Transaortic access. The first transaortic access was performed in 20097 and emerged as another viable site for alternative access for TAVR. However, like transapical access, the overall use of a direct transaortic approach has declined with the availability of superior options. Transaortic TAVR is an off-pump procedure performed via a small, right anterior minithoracotomy (if anatomy is suitable) or via a midline ministernotomy. Advantages are similar to transapical access while adding an approach that is familiar to cardiovascular surgeons; however, transaortic access is associated with less respiratory compromise (given lack of entry into the pleural space) and absence of direct myocardial injury. A minimum distance of 5 cm is required from the access to the aortic valve. Other anatomic limitations include a severely diseased or porcelain aorta or significant chest deformities. Compared with TF TAVR, transaortic TAVR is associated with a higher rate of 30-day all-cause mortality, stroke, and life-threatening or major bleeding, but a lower rate of major vascular complications.7,10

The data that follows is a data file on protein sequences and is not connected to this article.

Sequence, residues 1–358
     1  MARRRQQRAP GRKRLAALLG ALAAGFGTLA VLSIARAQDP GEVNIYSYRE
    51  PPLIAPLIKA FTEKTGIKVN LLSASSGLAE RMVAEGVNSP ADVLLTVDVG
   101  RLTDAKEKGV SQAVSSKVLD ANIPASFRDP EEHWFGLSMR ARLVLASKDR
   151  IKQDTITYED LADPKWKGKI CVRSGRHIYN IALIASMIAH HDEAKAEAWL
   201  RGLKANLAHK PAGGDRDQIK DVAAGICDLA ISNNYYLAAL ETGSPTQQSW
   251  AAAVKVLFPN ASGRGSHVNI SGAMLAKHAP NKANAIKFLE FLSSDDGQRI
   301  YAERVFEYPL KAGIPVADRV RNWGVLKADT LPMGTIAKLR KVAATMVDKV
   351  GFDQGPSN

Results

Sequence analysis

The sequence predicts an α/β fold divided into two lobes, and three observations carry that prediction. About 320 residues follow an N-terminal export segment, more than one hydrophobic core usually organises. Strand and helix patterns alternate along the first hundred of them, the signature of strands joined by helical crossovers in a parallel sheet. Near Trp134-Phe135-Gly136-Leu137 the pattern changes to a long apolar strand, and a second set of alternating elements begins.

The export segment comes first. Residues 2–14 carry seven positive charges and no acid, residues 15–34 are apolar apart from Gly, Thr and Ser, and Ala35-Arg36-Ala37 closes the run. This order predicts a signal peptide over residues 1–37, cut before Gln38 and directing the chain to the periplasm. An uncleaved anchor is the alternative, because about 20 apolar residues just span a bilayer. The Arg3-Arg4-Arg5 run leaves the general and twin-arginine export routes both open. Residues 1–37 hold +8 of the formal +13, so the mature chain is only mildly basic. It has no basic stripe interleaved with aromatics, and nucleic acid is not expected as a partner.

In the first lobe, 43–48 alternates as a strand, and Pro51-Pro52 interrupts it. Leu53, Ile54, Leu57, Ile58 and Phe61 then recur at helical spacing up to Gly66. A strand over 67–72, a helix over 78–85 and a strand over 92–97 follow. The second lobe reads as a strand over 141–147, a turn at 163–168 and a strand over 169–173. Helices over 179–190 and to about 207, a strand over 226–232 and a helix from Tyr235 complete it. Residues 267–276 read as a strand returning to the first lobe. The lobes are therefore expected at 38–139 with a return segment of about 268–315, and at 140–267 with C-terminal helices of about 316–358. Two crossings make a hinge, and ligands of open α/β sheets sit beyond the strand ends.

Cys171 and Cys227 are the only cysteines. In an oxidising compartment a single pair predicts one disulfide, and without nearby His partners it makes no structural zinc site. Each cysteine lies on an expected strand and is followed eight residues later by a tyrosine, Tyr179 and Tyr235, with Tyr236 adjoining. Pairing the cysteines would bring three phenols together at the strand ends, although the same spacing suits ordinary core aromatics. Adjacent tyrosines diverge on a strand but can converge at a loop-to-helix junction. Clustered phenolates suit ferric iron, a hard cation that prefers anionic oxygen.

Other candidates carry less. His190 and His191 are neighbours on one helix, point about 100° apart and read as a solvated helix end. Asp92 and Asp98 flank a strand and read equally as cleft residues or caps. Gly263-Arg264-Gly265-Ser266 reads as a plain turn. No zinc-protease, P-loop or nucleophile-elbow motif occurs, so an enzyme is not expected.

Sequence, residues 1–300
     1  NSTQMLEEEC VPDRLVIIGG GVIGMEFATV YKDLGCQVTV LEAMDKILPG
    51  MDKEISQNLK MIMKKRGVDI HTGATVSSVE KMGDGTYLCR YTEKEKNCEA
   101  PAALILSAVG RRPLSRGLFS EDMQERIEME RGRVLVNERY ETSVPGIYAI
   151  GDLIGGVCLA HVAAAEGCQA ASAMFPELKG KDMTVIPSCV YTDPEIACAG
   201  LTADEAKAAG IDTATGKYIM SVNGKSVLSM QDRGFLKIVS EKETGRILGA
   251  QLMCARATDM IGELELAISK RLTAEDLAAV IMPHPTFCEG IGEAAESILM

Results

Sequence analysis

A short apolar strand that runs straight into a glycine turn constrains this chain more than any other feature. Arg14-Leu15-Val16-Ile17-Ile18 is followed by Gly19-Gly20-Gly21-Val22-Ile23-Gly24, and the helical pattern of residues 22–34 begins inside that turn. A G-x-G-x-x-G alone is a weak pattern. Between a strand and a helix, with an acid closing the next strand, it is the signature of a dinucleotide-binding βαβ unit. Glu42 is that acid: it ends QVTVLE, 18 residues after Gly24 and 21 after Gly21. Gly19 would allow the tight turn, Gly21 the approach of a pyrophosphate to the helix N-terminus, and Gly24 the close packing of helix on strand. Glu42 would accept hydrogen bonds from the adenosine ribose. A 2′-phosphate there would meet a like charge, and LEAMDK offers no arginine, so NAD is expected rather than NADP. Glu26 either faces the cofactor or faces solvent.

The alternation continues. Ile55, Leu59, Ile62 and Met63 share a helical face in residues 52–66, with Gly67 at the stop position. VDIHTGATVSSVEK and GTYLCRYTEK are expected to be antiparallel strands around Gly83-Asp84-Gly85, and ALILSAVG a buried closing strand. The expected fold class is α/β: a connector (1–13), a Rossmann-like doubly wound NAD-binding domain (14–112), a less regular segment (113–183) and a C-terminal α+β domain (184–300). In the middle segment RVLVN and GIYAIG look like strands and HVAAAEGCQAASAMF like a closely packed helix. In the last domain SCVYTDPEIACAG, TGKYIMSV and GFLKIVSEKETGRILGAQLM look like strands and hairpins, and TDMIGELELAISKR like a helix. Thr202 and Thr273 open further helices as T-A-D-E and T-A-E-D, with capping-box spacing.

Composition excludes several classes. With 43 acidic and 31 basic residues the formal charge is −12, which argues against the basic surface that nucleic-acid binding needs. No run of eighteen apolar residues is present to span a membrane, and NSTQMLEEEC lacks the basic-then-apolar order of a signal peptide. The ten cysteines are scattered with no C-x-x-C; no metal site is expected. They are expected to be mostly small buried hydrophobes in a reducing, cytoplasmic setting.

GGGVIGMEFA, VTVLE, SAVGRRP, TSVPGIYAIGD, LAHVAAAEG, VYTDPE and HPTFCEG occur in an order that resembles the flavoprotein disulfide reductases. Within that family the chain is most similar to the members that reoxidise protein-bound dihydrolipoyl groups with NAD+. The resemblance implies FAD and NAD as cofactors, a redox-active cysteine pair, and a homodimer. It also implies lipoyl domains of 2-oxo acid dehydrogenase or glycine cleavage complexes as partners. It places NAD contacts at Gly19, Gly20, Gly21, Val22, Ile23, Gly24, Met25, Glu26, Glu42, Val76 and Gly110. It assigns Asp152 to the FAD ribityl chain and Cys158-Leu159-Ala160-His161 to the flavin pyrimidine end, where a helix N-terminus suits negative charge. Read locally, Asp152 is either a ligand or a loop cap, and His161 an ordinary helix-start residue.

Much like TF access, the use of nontraditional, extrathoracic sites for alternative access has increased over the last decade given the advancements of smaller sheaths and delivery systems for TAVR.